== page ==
We continue our Friday round-up of what is newest, best and brightest at FindLaw.com. Below, you will find this week's offerings from various areas of FindLaw's unique content, including: core legal content, blogs, news and case law. Take a look at what's new:
- Police May Be Able to Secretly Monitor Your Phone: Police tracking of cell phones has become a more common tactic, but its reception in court is in question. Some jurisdictions say police must have a warrant, while others limit the practice to certain data like a cell phone's location. We reach out and touch on the controversy in FindLaw's Law and Daily Life.
- New Graphic Cigarette Warnings Blocked by Judge: Gory pictures of blackened lungs will stay off cigarette cartons for now. A federal judge found the photos — part of the Food and Drug Administration’s new anti-smoking warnings — violate tobacco companies’ free speech rights. FindLaw’s Decided looks at the labeling lawsuit, and what’s set to happen next.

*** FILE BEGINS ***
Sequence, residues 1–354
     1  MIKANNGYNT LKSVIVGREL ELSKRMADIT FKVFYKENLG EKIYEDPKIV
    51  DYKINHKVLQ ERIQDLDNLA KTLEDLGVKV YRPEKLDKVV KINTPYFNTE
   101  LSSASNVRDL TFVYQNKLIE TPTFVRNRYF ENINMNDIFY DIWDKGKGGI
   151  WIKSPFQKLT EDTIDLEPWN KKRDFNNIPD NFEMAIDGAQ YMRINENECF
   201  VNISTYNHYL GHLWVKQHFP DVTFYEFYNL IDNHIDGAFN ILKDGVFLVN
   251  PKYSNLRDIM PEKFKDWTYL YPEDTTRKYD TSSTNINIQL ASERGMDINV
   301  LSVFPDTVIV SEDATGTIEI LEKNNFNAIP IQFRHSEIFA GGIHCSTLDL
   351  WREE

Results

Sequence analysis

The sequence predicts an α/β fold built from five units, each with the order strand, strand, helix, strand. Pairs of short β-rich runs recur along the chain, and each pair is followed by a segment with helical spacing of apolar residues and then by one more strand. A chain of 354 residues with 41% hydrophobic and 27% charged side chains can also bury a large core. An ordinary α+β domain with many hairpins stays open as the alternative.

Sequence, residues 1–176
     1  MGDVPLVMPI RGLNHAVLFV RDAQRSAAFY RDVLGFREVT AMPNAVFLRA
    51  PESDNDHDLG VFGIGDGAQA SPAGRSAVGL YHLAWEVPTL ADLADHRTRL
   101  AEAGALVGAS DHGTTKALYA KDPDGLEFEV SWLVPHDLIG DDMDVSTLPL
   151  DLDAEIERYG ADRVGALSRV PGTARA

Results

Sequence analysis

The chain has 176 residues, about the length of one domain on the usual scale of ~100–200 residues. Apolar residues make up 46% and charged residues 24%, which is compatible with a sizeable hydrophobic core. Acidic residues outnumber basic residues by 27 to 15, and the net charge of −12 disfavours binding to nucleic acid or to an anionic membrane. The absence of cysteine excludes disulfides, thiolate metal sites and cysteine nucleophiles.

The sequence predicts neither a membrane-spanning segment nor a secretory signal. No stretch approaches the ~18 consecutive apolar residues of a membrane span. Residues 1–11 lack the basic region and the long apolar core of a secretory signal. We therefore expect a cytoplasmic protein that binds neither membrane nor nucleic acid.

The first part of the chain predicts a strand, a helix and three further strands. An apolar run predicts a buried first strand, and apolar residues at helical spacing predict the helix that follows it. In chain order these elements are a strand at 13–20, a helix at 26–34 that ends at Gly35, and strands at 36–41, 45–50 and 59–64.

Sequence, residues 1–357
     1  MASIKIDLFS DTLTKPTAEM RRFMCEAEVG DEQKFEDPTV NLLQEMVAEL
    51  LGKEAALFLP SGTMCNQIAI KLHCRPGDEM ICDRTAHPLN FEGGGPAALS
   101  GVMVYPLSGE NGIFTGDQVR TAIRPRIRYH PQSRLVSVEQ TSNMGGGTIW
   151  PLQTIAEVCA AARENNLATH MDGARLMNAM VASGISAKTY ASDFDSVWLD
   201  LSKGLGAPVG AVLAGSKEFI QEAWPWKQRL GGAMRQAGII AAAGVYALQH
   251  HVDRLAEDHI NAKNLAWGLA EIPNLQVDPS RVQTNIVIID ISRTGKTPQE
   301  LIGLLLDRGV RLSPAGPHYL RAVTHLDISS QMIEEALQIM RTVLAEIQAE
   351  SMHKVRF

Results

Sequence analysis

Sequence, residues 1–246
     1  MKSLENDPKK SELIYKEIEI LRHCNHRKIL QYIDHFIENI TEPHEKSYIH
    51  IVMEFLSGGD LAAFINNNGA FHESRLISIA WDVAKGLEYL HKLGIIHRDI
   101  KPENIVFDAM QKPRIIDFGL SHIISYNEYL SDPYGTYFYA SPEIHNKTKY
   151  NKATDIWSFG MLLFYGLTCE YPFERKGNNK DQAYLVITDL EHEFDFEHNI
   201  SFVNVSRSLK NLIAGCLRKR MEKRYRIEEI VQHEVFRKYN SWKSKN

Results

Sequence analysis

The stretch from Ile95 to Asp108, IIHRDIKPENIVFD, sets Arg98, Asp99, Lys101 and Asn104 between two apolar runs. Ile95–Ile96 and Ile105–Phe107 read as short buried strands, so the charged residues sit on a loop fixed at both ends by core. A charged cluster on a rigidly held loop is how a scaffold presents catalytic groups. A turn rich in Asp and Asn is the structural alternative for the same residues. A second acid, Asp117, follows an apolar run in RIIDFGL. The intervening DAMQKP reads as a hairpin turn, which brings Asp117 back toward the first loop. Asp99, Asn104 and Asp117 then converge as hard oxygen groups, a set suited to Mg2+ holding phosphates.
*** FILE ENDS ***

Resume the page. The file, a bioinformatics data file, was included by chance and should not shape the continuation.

- The Unfinished Business Doctrine Can Haunt Attorneys: When a law firm goes bankrupt and its lawyers disperse, that doesn’t mean they’re off the hook for the defunct firm’s debts. FindLaw’s Strategist spells out the legal doctrine that allows creditors to come knocking — and how the late supermodel Anna Nicole Smith may help bankrupt firms fight back.
Law Firm Management
- The ABA’s Attack on ‘Unauthorized’ Practice of Law and Consumer Choice: An ABA task force has drafted a proposed statute aimed at creating consistency regarding the practice of law. But as paralegals and accountants step onto turf traditionally occupied by lawyers, some experts are taking issue with parts of the proposal. The Federalist Society’s George W.C. McCarter breaks it down in FindLaw’s Law Firm Management Practice Guide.
— Compiled by the FindLaw Audience Team